Posts about Reisu every Monday and Thursday

Thursday, January 28, 2010


Paxido emodohaa! Let's talk about greetings. I'm going to start with an example conversation, and then translate it.

Two people meeting for the first time.
Susanna: Paxido.
Eddie: Paxido, o hola pa xidoki aku nei?
Susanna: Ihola, o nei?
Eddie: Ihola, xati.
Susanna: Naapa. Oo ono kikila kei?
Eddie: Kikila Eddie, oo ono nei?
Susanna: Susanna.
Eddie: Gutula aku, Susanna.
Susanna: Gutula aku, okiaku.
Eddie: Okiaku.

Translation (Not Literal).
Susanna: Hello
Eddie: Hello, how are you?
Susanna: Good, and you?
Eddie: Good, thank you.
Susanna: You're welcome. What's your name?
Eddie: Eddie, and yours?
Susanna: Susanna.
Eddie: Nice to meet you, Susanna.
Susanna: Nice to meet you too, goodbye.
Eddie: Goodbye.

So there's lots of grammar things I can talk about which have examples in the above conversion, but the one I'm going to pick deals directly with pronunciation. The double vowel. When the vowel is written twice It's held out longer. Ideally each syllable takes up one "beat", unless the vowel is written twice. Then the vowel is held for two "beats". The length of the "beat" depends on how quickly you are speaking, and isn't always precise depending on where the stress is in the sentence.

So for the sentence, What is your name?, there are 7 beats, even though there are only 6 syllables
Beats: O-o-o-no-ki-ki-no-kei?
Syllables: Oo-o-no-ki-ki-no-kei?

And for those that want more grammar explanation it will come, but see what you can reason out with this. Word by word literal transaction.
Susanna: Hello
Eddie: Hello, you feel in spirit good [question]?
Susanna: Feel(positive), you [question]?
Eddie: Feel(positive), thank.
Susanna: Welcome(as in you're welcome). Name your call(past) what?
Eddie: Call(past) Eddie, name your [question]?
Susanna: Susanna.
Eddie: Meet(past) good, Susanna.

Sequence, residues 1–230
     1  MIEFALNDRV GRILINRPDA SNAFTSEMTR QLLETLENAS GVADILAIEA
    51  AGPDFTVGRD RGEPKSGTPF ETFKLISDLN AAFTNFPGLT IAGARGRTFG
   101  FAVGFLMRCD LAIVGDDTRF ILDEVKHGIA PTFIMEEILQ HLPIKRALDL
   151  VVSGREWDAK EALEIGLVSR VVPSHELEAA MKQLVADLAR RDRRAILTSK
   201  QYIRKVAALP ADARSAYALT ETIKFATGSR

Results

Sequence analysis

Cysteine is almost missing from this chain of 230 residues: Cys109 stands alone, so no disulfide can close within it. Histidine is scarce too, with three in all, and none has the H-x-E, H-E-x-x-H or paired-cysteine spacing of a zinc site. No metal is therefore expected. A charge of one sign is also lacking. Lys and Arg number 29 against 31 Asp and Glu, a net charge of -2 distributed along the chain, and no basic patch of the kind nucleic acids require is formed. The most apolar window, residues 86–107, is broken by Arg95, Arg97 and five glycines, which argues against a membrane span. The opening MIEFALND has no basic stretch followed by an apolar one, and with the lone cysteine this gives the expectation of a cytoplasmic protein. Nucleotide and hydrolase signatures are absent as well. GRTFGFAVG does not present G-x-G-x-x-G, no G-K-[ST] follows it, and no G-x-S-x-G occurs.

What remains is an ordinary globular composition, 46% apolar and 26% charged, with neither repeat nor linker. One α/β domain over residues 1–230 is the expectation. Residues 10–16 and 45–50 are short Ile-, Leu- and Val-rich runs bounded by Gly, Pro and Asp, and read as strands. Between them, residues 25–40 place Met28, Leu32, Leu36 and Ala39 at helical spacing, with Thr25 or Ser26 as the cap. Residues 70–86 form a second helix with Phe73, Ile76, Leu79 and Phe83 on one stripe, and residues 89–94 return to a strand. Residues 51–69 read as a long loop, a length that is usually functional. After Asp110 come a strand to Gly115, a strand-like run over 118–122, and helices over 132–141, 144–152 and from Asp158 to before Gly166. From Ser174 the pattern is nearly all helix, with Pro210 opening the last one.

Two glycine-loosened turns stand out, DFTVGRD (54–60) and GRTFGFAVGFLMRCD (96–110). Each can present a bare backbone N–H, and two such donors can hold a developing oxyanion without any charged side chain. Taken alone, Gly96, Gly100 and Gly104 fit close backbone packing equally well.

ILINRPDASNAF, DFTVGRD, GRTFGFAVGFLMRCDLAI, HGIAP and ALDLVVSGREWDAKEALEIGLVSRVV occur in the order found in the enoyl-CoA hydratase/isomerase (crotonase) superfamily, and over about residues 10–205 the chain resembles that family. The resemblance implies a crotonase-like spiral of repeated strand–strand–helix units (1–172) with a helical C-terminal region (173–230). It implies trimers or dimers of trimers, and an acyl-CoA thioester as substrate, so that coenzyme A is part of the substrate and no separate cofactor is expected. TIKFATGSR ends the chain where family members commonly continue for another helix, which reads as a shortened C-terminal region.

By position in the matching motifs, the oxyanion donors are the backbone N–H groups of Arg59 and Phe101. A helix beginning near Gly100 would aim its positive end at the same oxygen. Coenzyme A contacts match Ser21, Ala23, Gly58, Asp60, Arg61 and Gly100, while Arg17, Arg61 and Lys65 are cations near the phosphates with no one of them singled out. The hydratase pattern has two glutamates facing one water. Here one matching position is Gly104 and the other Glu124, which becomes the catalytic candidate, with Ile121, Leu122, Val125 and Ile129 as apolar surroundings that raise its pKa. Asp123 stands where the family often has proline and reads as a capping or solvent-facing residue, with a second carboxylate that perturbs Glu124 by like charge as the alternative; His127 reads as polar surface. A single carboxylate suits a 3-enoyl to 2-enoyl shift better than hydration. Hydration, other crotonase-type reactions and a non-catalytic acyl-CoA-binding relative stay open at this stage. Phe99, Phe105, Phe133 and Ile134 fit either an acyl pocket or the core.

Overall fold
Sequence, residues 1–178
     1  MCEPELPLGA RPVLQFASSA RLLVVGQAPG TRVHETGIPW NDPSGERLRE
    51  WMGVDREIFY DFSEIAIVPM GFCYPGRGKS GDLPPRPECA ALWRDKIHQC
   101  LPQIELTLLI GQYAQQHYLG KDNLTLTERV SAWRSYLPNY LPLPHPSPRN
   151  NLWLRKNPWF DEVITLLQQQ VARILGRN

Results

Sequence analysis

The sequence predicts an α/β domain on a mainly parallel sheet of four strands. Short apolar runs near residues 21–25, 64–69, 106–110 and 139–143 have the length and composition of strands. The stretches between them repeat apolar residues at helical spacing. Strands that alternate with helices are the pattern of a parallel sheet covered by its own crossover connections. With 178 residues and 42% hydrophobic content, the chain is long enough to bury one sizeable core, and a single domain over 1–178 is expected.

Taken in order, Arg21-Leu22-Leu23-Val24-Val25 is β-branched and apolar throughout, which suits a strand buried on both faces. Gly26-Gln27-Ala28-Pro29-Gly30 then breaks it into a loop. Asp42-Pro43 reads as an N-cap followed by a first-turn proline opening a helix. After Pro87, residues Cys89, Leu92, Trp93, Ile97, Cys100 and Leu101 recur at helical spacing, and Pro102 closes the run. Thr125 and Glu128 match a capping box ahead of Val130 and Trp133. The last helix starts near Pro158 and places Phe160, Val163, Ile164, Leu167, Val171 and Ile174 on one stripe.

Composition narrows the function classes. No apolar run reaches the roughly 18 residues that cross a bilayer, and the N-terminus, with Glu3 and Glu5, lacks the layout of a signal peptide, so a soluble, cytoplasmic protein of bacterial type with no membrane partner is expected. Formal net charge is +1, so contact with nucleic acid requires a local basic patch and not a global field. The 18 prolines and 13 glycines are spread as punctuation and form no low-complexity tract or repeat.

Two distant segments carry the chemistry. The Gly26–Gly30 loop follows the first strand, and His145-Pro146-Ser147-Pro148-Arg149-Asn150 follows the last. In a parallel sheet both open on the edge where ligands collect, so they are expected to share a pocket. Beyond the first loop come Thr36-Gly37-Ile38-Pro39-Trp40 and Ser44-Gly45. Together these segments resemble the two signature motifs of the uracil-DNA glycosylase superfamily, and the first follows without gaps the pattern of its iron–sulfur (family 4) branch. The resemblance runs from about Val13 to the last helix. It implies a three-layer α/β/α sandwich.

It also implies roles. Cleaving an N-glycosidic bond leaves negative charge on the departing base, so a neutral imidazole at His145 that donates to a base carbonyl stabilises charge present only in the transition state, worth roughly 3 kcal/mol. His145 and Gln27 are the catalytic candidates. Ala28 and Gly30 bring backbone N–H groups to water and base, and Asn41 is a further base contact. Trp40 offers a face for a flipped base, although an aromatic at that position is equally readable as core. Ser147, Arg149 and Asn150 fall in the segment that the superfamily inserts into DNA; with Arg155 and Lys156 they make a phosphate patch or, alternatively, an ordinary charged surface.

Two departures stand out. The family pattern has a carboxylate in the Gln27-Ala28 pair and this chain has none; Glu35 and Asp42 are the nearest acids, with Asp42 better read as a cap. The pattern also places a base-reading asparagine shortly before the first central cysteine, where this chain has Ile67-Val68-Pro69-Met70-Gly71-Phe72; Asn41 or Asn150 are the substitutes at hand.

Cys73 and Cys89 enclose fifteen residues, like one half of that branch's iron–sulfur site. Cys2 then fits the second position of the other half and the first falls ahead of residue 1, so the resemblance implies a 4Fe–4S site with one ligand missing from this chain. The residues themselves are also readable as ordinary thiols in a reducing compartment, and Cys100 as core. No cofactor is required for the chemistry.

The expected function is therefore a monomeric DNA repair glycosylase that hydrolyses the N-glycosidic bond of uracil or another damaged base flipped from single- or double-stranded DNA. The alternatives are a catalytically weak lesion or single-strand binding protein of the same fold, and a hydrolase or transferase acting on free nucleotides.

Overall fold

Susanna: Meet(past) good, Goodbye.
Eddie: Goodbye.

Monday, January 25, 2010

Alphabet with examples - Consonants 2/2

Second part of the consonants. you get the format by now :) IPA chart

f - ɸ - No good English words for this one. Imagine the sound you make when blowing out a candle.
v - v - violin
s - s - snake
z - z - xylophone
x - ʃ - ship
j - ʒ - journey
h - h - hat
l - l - letter
y - ʎ - yes

And here are the words! First nouns, then the verbs.
Fage - Blanket
Vexu - Bird
Sinaa - Cloud
Zaba - Wrist
Xudo - Fish
Jeva - Flower
Huzo - Table
Laza - Ocean
Yefo - Shirt

Fahei - Need
Vita - Know
Sixu - Sleep
Zoga - Use
Xako - Give
Jeipa - Keep
Heiti - Find
Leika - Make
Yata - Go

Thursday, January 21, 2010

Alphabet with examples - Consonants 1/2

This is a continuation for the vowels post. Like that one the Latin character is on the left, the IPA is in the middle, and the right is a sample English word. Here's my favorite IPA chart for those that want to hear examples of the IPA sounds.

p - p - put
b - b - bat
t - t - toil
d - d - doll
k - k - cat
g - g - goal
m - m - most
n - n - never
r - ɾ - There aren't any good examples of this in English. In American English we pronounce Ts like this sometimes, but in an effort to not confuse just go listen to ɾ on the IPA chart

And here's some Reisu words that start with these sounds!
Puho - Horse
Befi - Tree
Tozai - Mountain
Denu - Baby
Kigu - Foot
Gapa - Apple
Meku - Pencil
Nebu - Dog
Rigi - Sun

Puma - Ask
Bubu - Drink
Tiki - Run
Daxi - Come
Kixa - Walk
Geki - Think
Maino - Have
Neina - Say
Ragu - Want

AND as promised, a video that goes with the first post!

Monday, January 18, 2010

Alphabet with examples - Vowels

For my first post I'm going to cover the vowels and how they sound, with example words in English as well as the Reisu.

The five vowels only make a small range of sounds. On the left is how I am writing them with a Latin based alphabet, in the middle is their IPA symbols, and on the right is an example in an English word.
a - ɑ - as in father
i - i - as in see
u - ø - as in food
e - ɛ - as in bed
o - o - as in home

Now to pair them up with words of Reisu.
Ata - Cup
Inoko - Corn
Ulemi - Egg
Etaro - Eye
Okoko - House

And some common verbs.
Amu - Eat
Iyavi - Put
Ukago - Take
Eroro - Get
Oki - See

I plan at some point to release videos with pronunciation, so that you can hear and see examples of the words. For now please just do the best you can with this.